Wednesday, January 26, 2011

Day 107 - Cape Town

RobT: We were up early today in order to get to the Hamman BMW motorcycle dealership before it opened at 8 am, figuring we'd be the first in line and get all the needed work done before the end of the day.  We found Hamman Motorrad on the POIs of Tracks4Africa GPS map and made it there without any directional lapses.  Chris, you need to thank the guys from Tracks4Africa, eh? Maybe get William to give them a free hair styling. :-)  (Inside joke folks, sorry.)

 Hamman Motorrad, Tygervalley, Cape Town ... amazing people, service and the most important ... good coffee and only because they didn't have German beer.

RobC with part of the Hamman gang.

The tall slouch in the black is Chris, who, by the way, is a BMW certified instructor of instructors in off-road riding.

After explaining to Johan (the service manager) the grocery list of items that we needed, the bikes disappeared to their downstairs service department for the day.  Chris was kind enough to take the time to offer tips on the route we planned through southern Africa, so we sat down with him in his office. He pulled up a map of southern Africa on his desktop computer and we studied the route. After doing this, we decided on a knobby front tire for traction in sand and gravel and a touring rear tire for longer wear. It' s a good combination since we won' t be spending time in extreme sandy or loose gravel roads.

Chris then took us on a tour of Cape Town, he on an BMW GS Adventure, yours truly on a 1200GS and RobC on a periwinkle 650 with a bidet up front.  RobC will have to explain that one.  All courtesy of Hamman BMW Motorrad!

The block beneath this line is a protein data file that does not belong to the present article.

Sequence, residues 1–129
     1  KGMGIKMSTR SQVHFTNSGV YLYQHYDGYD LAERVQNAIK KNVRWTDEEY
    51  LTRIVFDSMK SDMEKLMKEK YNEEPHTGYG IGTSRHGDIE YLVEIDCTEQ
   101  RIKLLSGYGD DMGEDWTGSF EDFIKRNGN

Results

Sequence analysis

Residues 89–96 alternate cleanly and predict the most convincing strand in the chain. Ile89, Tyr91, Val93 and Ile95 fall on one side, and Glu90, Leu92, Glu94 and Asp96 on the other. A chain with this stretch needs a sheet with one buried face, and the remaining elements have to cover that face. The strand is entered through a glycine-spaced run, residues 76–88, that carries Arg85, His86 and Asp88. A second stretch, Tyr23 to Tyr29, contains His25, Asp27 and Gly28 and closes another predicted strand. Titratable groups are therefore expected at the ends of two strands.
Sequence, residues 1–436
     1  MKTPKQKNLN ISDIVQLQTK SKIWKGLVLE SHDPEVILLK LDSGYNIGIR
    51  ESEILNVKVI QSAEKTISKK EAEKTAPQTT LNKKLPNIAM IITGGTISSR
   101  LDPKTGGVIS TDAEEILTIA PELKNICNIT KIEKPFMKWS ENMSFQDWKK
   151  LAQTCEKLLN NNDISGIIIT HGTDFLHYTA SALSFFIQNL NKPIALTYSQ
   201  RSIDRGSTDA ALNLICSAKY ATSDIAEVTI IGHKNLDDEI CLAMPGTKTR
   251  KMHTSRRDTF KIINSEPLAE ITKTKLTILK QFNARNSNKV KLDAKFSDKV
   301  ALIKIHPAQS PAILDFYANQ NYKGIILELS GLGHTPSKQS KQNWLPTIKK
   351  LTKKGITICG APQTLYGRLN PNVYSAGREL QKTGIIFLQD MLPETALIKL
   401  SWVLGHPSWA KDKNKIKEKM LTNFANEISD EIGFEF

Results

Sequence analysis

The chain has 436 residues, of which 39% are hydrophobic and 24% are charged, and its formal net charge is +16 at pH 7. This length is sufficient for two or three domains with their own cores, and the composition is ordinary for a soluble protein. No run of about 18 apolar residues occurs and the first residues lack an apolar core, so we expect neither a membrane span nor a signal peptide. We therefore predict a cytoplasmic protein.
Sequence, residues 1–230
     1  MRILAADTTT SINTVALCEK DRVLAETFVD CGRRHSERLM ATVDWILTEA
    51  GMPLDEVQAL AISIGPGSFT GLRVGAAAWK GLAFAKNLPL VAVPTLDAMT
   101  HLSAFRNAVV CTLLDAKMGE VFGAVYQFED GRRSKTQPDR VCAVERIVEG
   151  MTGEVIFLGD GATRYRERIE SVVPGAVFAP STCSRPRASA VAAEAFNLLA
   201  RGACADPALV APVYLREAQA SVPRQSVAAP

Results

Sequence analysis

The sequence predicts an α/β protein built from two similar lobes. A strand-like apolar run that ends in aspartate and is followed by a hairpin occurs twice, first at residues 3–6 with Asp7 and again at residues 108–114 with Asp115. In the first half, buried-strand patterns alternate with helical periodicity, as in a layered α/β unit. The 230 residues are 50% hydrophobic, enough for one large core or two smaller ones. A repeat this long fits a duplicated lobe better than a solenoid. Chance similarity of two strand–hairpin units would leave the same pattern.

RobC:  My BMW loaner was quite a sight. I called the color "powder blue" and the front "tank" area had a sunken hole for a hard case, which was absent, so I called the hole the "bidet," to the embarrassment of the BMW people and the laughter of everyone else.

 Table Rock with Cape Town the foreground

 Robben Island in the distance where Nelson Mandela was imprisoned.

 Road up to Signal Hill from where this photo was taken.

Cape Town from the foot of Table Mountain

Well, the final work on my F800GS included front wheel bearings, as they were completely worn, general service, spark plugs, air filter, a new tank bag, wind screen extension, new tires and a some spare parts, such as rear brake pads, extra air filter, spare rear Michelin Anakee tire, extra oil filter, etc

We got the bikes back at the end of the day.  Thanks to the great work done by Verdi, the mechanic who worked on my bike, the 800GS rode like a new bike, probably because of the new wheel bearings and tires.  It was incredible.

RobC:  The work on my bike included: final drive and transmission fluid renewal, new spark plugs, new tires and brake inspection, new windshield, as the old one was cracked in several  places, etc. Jeandré, the young but excellent mechanic, tried to repair the ABS brake system, the malfunctioning shift indicator, and straightening the front end of the frame, all to no avail, because of lack of time and parts. So, I carry on without ABS brakes, a skewed shift indicator and a crooked front end. None of these are essential and, as RobT is fond of saying, it all adds to the character of the bike.

It was enjoyable to work with a real BMW dealer, as they have the experience to do things quickly and do not charge for many hours of leaning while working on my bike.

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